Before you download the beta, be sure to gather all of your important passwords and login information.

You should already be using a password manager of some kind, but if you aren’t, make sure all of your important passwords are up-to-date and working.

You will need your Apple ID and password when you restart your Mac on macOS Monterey, and you may need it to sign back into other services as you set up the beta.

The system may also prompt you to log into email accounts and other services after you install the beta. You should have all important login items handy and make sure that you have your two-factor authentication handy as well.

If you need to check your Apple login information, try logging into iCloud.com. You can check other passwords by logging into websites in a private browsing tab.

Dig Into macOS Monterey Beta Feedback

Some of you might want to hold off on a download until you’ve taken a look at feedback about macOS Monterey’s early performance.

Older Mac models typically have the most trouble on new software. So if you own an older computer, you might want to hang back for a bit and see how the beta is performing on your specific Mac model.

You can find feedback about the macOS Monterey beta’s performance on the MacRumors forums, Apple’s forums, and social media sites like YouTube and Twitter.

Find Fixes for macOS Monterey Beta Problems

This is pre-release software and bugs and performance issues will plague the macOS Monterey beta throughout the testing process. You will need to fix these issues yourself or live with them until Apple releases new beta software.

We’ve released a list of fixes for the most common macOS issues. It’s worth a look if you don’t know how to approach whatever is ailing your computer.

We’ve also put together a guide that will help you fix bad macOS battery life should you come across it during your time on the macOS Monterey beta.

We also recommend getting familiar with Apple’s Discussion forums. They’ll be a great resource if you encounter a bug or performance issue on your Mac.

Learn How to Downgrade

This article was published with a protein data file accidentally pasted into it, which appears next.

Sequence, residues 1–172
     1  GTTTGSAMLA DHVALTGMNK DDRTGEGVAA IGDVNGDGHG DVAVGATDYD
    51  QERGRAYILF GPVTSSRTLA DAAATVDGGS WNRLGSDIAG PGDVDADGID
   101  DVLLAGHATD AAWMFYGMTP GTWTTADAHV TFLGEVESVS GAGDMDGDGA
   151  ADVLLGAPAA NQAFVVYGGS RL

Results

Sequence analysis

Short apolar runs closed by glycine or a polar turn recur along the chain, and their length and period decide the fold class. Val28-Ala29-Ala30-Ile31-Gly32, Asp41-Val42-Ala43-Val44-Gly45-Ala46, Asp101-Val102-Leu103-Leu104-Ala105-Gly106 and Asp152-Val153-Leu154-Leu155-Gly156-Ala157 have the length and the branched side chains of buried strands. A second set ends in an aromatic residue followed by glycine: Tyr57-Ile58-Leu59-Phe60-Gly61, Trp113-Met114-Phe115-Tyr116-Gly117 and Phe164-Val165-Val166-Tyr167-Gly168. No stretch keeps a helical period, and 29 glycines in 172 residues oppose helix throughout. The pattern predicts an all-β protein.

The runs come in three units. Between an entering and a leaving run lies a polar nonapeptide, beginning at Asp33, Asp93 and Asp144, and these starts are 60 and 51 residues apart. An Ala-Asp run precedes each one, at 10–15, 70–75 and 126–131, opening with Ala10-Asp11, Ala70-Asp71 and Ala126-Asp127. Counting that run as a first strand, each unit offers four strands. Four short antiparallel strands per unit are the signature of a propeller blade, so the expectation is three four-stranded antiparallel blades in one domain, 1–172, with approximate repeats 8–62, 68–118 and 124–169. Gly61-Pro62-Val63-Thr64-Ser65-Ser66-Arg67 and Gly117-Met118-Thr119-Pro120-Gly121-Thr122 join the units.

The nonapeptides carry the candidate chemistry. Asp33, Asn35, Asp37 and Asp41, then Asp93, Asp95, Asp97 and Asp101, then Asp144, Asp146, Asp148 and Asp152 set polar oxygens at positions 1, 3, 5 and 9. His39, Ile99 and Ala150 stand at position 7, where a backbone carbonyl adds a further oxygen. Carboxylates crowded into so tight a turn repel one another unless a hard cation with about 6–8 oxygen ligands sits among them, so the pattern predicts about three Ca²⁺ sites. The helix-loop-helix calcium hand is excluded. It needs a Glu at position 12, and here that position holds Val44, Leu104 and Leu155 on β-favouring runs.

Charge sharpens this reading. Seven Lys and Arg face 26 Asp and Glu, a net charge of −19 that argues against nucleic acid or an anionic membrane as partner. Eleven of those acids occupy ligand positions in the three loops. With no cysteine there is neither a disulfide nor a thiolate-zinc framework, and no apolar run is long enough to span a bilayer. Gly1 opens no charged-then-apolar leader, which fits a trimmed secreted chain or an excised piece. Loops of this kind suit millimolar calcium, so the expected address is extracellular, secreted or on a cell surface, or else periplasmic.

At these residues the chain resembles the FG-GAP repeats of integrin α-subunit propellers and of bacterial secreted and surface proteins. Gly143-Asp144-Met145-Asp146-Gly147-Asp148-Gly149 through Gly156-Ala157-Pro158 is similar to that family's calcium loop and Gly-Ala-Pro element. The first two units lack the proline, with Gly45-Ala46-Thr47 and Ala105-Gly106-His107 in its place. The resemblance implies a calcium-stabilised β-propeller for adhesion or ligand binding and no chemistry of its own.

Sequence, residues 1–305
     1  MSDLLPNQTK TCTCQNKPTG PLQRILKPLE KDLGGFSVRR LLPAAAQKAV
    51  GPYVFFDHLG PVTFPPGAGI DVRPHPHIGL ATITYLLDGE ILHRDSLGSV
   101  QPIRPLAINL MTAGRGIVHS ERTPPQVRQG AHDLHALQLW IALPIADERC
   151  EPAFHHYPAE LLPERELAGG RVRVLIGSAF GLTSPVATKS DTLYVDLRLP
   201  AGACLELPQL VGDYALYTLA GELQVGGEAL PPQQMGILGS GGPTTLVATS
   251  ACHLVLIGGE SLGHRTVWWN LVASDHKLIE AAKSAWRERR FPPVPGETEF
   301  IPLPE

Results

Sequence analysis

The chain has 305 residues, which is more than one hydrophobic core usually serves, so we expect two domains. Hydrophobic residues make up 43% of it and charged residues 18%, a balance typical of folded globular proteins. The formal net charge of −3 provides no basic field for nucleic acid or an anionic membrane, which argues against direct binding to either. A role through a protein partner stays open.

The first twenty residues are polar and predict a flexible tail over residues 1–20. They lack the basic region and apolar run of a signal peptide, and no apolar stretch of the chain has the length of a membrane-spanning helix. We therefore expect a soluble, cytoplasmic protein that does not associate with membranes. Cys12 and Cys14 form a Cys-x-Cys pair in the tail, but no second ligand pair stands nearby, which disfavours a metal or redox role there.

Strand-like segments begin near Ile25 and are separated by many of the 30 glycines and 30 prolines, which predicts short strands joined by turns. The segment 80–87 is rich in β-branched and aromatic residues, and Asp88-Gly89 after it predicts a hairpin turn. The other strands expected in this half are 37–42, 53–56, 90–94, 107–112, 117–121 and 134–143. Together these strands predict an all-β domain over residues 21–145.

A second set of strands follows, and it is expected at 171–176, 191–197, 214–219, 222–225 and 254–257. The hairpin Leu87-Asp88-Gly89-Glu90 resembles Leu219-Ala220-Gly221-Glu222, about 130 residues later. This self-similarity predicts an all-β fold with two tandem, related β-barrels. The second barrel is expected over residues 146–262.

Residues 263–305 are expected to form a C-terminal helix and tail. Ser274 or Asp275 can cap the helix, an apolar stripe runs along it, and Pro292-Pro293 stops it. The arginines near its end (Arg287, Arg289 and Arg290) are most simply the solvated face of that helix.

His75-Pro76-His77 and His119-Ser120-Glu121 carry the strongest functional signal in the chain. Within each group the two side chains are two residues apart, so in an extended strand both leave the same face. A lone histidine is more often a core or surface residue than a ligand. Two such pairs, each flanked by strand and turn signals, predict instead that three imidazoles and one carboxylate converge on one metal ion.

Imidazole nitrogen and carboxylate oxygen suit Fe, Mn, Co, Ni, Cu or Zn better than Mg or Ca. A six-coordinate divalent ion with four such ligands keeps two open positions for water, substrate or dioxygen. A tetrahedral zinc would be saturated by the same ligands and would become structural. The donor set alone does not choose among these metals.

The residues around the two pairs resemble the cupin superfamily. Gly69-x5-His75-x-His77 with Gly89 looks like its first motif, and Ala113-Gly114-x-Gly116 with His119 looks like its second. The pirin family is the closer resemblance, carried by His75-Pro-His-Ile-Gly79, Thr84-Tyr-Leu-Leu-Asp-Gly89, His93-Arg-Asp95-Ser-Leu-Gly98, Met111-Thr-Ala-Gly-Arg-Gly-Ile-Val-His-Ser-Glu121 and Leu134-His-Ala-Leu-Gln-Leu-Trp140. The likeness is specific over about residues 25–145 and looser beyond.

Before you install the macOS Monterey beta, you should explore the downgrade options that will bring you back to macOS Big Sur.

If you decide that you don’t like macOS Monterey’s changes or there are too many problems, you can downgrade back to older macOS software on your device pretty easily if you are prepared.

The best way to downgrade is to restore a Time Machine backup from macOS Big Sur. This downgrade will take some time, but it will take you right back to where your Mac was before you installed the beta.

You can do a clean install of macOS Big Sur if you want to downgrade that way, but you will then need to set everything up from scratch.

Bottom line, figure out an escape plan before you jump into the beta.

Cleanup Your Mac’s Storage

If you’re running out of space on your Mac, you might need to do some cleanup in order to install the macOS Monterey beta. The beta requires a sizable chunk of disk space on your Mac.

If you’re running out of space, go through your device’s storage and delete files you no longer need to make sure you have room for the download.

Decide Where You Are Installing

Decide where you will install the macOS Monterey beta before you initiate the download. There are a few different options.

The best place to install the macOS Monterey beta is on a spare Mac. This will let you test the new features and experience the update without worrying about losing any files or interrupting your workflow. This is the recommended route.

The next best solution is to create a partition on your primary Mac and then install the macOS Monterey beta there. This will be a clean install and it will keep it separate from the files and apps you use all the time. This is a good way to keep the beta with you without carrying a second machine.

The third option is to install the macOS Monterey beta on your only Mac as the primary operating system, similar to how you would upgrade this fall. This is extremely risky, and we don’t recommend going that route if you can avoid it.

Learn How to Send Bug Reports

If this is your first time trying macOS beta software, you’ll want to learn how to send Apple feedback about the software’s performance. This feedback will help Apple improve the final version of macOS Monterey.

You’ll want to send feedback via Apple’s Feedback Assistant service. It’s fairly straightforward, but you’ll want to get comfortable with it.

For more on the Feedback app and submitting macOS Monterey bugs and issues to Apple, check out Apple’s FAQ.